And, if you typically carry a balance, be aware that any rewards will not outweigh the interest rate of the card. These cards should be paid off every month to get their full value.
Many cards allow you to search for transactions. This can be especially helpful at tax time or when making choices about insurance coverage.
Potential to Build Credit
Used responsibly, credit cards can help you build credit—and that is one thing cash and debit cards cannot do for you. It's important to remember that you do not need debt to build a good credit score: Paying your full balance by the due date each month will do just as much or more to help your credit than carrying a balance on your card. That said, missed or late payments and high balances can hurt on your scores.
Cons of Credit Cards
Credit cards also have their drawbacks, which mainly center on their financial risks.
Risk of Overspending
The ease and convenience of using a credit card is precisely why it's so easy and perhaps tempting to overspend.
Unlike a wallet that grows lighter as you spend, a credit card with a big limit may allow you to keep right on spending until you hit your credit limit—and that can lead you into a cycle of making only minimum payments as your debt grows. Maintaining high balances on your credit cards can also do serious damage to your credit scores.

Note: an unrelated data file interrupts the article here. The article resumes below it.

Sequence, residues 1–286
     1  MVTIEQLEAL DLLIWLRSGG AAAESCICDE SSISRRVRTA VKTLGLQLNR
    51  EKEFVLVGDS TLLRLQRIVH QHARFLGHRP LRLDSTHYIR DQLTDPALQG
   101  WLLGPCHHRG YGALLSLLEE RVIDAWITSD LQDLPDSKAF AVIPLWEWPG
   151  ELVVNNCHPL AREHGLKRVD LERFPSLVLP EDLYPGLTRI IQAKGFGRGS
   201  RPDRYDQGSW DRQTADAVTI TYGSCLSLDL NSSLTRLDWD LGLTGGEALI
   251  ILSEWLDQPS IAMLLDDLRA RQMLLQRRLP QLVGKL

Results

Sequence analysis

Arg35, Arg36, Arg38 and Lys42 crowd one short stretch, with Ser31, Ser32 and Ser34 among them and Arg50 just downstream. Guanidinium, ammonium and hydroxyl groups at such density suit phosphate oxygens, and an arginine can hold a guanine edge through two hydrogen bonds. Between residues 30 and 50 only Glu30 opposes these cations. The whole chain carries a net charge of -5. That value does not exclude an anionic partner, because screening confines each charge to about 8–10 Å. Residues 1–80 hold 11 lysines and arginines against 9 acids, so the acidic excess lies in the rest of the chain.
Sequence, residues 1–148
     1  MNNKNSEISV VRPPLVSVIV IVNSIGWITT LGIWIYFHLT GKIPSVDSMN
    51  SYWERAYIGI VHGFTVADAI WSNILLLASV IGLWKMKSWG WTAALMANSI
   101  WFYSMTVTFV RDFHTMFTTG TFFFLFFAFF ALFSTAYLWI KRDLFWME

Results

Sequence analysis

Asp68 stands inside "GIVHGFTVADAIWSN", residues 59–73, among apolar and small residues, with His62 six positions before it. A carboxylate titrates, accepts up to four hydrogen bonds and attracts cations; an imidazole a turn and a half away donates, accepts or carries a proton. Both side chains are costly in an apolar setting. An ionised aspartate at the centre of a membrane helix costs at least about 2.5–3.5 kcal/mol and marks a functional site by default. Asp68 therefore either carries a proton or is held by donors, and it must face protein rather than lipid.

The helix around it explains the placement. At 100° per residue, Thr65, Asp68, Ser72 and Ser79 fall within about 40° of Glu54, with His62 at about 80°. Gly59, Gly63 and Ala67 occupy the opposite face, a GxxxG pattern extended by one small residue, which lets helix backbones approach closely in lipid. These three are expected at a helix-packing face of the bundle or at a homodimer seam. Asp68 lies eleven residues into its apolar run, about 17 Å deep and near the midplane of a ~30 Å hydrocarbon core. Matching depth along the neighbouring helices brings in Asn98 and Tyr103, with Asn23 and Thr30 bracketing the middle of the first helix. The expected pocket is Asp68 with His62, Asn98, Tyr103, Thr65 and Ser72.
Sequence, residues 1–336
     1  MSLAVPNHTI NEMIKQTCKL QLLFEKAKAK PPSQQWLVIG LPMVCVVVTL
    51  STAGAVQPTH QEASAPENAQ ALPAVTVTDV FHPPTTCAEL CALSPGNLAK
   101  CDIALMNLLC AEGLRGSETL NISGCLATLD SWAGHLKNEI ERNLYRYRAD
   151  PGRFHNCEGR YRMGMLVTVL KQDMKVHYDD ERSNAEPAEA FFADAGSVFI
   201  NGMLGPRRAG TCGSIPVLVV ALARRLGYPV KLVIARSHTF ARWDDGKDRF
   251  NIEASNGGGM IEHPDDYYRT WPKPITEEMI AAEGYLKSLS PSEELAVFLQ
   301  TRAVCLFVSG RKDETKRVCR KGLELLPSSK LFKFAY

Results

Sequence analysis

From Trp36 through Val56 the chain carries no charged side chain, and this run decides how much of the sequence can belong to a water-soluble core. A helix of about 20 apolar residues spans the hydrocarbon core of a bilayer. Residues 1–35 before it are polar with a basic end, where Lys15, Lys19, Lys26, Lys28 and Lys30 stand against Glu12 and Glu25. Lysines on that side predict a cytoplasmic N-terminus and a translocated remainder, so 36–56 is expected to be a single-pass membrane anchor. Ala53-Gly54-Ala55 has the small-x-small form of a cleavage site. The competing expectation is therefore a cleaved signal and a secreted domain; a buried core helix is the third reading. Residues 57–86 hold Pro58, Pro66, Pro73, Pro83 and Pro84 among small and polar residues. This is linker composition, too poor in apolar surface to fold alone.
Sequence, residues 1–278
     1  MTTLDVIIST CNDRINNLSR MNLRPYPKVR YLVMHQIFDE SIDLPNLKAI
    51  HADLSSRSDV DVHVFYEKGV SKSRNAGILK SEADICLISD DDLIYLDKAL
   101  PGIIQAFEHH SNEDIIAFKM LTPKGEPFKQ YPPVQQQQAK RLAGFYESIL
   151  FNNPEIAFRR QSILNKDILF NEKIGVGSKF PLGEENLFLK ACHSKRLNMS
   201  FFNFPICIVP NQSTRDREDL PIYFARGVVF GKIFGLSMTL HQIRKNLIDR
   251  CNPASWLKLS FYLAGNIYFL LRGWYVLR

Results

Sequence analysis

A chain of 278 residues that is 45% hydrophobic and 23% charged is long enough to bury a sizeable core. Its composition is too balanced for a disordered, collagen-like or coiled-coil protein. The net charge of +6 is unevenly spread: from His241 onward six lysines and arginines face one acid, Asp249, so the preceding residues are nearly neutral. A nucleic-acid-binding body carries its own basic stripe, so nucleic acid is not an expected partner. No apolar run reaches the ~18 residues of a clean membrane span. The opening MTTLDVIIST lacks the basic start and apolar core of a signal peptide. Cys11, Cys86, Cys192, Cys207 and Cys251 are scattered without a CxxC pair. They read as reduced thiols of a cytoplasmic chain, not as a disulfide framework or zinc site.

Because credit cards allow you to spend more than your budget will accommodate, you can end up paying significant interest while making little progress on repaying credit card debt.
The best practice is to use cards for convenience and to pay the balance in full every month. Not everyone can do that, but a high balance—unless you have special financing—usually means you'll pay more in interest and can suggest you owe more than you can comfortably repay.
Variable Interest Rates
Credit cards typically have variable interest rates, which rise or fall based partly on the federal funds rate. Particularly in an environment of rising interest rates, the cost of carrying a balance on a credit card can go up, and that can mean it's harder to budget. In the best case, variable interest doesn't matter because you're using it as a convenience or to earn rewards and paying off your balance each month. But if you carry a balance, finance charges can go up.
Paying late—even if it's not late enough to get reported to credit bureaus—can result in fees. Some credit cards also have annual fees or, in the case of some premium cards, fees for adding an authorized user. There may also be fees for cash advances. Some fees, such as annual fees, may be worth it if you're earning rewards that outweigh the fees. It's smart to familiarize yourself with fees and what triggers them. You may decide fees are worth it, but you might also look for ways to avoid them if you don't think you're getting value from them.